Of course the two states would have to give up wasting some money on toy trains.

      See http://www.NoBridgeTolls.com


      • Valley person

        A new freeway bridge with no light rail would not need tolls? You really believe that?

        • Dean Apostile—You really believe that?
          That is because I actually bothered to look at the DEIS and at the numbers. It is a no brainier that the bridge alone costs under a billion. (You just have to read the DEIS instead of greenie, Metro propaganda.)

          At a more reasonable $500 million, the Feds pay 50%, leaving $125 million for each state. All Oregon has to do is take back 1/2 of the money promised for the worthless Milwaulkie LRT and WA just got a gas tax increase.

          I take it you didn’t bother to look at my link either. That sore of carelessness is why you are wrong about most things. (Global warming, smart growth, light rail, environmentalism.)


          • Valley person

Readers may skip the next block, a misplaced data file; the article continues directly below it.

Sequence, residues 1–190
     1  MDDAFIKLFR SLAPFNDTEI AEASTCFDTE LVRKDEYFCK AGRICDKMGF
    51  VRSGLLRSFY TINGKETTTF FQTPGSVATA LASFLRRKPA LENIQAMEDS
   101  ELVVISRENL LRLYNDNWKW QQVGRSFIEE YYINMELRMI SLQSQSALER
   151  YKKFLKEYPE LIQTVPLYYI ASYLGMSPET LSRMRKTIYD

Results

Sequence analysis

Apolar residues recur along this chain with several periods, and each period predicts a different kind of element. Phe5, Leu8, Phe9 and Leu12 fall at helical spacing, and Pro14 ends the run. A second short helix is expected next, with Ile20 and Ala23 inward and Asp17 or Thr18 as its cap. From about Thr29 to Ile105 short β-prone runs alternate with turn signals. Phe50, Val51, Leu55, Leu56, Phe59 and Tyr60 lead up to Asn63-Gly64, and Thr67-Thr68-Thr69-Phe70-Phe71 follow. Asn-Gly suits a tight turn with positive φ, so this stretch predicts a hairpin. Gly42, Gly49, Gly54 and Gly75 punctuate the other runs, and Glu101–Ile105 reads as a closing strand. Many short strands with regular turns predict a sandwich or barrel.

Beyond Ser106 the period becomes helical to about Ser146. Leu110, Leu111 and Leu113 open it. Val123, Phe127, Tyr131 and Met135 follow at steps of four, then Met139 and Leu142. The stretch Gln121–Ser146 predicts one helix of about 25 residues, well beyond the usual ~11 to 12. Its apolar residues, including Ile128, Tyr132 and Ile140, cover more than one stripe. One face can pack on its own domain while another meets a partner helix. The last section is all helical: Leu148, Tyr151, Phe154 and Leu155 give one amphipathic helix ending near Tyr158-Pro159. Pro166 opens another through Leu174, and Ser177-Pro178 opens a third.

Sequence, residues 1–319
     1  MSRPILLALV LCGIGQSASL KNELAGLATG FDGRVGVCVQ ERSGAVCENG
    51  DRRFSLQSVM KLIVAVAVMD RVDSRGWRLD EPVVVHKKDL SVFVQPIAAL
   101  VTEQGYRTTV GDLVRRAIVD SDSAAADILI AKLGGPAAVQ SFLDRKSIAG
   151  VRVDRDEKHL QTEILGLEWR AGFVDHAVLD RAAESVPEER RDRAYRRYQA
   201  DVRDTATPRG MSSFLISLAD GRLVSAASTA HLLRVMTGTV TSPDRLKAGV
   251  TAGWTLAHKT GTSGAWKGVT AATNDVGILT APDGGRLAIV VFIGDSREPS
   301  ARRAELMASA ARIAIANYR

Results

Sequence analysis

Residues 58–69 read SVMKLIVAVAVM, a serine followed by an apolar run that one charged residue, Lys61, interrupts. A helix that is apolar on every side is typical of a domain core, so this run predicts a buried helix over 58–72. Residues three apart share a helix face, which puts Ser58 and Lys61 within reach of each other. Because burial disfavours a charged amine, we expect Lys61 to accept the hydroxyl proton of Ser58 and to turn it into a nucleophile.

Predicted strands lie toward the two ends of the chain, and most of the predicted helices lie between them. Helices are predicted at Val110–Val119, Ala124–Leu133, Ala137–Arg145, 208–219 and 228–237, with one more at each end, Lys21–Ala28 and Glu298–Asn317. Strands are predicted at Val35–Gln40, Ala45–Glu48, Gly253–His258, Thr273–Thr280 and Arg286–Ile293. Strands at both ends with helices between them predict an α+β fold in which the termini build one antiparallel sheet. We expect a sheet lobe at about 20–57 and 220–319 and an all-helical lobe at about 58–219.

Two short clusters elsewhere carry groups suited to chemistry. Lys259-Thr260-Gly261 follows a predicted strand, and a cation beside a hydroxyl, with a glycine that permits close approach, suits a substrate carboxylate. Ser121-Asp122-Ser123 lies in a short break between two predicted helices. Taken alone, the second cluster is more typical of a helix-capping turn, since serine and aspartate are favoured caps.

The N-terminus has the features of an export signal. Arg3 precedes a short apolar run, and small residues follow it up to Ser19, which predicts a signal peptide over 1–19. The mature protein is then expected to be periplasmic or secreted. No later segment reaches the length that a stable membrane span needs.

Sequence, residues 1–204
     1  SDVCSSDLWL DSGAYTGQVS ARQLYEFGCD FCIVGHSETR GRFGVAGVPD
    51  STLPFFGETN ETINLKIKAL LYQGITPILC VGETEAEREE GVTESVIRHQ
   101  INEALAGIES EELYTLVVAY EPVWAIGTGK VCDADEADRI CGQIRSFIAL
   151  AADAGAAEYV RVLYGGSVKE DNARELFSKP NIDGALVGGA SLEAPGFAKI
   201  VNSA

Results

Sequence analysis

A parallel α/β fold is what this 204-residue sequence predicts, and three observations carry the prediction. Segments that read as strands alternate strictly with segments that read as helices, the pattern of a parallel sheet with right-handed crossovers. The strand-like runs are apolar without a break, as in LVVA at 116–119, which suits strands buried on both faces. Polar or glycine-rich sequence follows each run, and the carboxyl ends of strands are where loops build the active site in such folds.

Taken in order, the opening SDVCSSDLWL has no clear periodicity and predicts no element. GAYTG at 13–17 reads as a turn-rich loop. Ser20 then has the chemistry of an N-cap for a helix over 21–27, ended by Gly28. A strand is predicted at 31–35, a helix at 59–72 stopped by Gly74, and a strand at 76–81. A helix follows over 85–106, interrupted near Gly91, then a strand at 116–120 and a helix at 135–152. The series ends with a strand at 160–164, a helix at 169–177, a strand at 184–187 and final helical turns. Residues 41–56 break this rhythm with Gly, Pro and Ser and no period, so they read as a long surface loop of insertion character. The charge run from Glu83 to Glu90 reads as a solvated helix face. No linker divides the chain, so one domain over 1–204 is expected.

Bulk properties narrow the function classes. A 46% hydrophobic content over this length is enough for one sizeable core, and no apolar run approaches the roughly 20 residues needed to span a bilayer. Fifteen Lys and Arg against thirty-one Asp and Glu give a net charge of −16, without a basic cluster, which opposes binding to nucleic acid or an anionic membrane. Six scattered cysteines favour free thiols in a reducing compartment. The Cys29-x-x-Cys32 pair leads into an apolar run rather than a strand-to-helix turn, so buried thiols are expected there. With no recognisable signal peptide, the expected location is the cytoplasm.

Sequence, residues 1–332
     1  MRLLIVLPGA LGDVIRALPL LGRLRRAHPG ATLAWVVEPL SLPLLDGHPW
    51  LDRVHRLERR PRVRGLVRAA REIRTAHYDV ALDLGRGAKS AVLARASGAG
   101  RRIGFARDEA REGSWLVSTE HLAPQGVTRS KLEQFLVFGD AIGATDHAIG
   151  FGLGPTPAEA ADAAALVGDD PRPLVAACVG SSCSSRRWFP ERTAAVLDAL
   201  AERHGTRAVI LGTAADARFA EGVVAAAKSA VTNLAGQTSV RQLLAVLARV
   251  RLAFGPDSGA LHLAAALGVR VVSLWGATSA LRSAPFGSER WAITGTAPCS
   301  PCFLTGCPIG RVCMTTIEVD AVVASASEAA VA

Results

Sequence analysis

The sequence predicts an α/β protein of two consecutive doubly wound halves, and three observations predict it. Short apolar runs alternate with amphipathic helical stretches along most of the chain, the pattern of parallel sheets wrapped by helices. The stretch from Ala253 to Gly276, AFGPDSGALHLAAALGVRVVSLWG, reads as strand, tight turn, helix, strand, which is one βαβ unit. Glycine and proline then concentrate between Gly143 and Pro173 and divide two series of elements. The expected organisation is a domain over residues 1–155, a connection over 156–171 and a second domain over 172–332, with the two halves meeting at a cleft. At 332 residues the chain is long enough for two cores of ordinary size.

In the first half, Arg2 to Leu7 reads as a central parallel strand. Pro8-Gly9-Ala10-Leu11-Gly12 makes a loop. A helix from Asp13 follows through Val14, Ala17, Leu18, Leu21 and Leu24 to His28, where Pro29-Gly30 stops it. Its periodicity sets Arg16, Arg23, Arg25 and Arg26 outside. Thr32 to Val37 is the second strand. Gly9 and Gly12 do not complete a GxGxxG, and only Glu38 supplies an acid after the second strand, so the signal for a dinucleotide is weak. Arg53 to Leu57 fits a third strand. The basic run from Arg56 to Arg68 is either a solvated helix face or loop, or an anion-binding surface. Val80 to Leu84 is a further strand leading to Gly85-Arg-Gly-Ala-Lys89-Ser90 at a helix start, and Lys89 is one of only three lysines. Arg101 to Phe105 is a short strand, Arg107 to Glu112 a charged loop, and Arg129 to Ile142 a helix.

The bridge alone minus all the on and of ramps is not very functional.

          • Again, you show your lack of study.

            Once again, see: http://www.NoBridgeTolls.com (and update the bridge only cost to around $400-500 million.

            There is no need for extensive ramp work on the Oregon side, and only SR14 in WA. (Once you dump LRT, the bridge lands right beside the current bridges in Oregon, needing only minor work. In WA SR14 may have to be rebuilt, or partly rebuilt, depending on where one places the hump and the choice of grades.)


          • valley person

            Reality check Jim. Neither Portland nor Metro will support a new bridge that does not include provision for light rail. And I doubt either will support a new bridge not funded in part by tolls. And your own buddy John Charles says tolls are essential to reduce congestion, and I agree with him. So you can fantasize all you want about a new bridge with no tolls and no light rail, but it isn’t going to happen. There is no political support for that idea.

            I think Charles and Bob Stacy have a strong case. But I think your case is very weak.

          • Dean Apostle:—-There is no political support for that idea.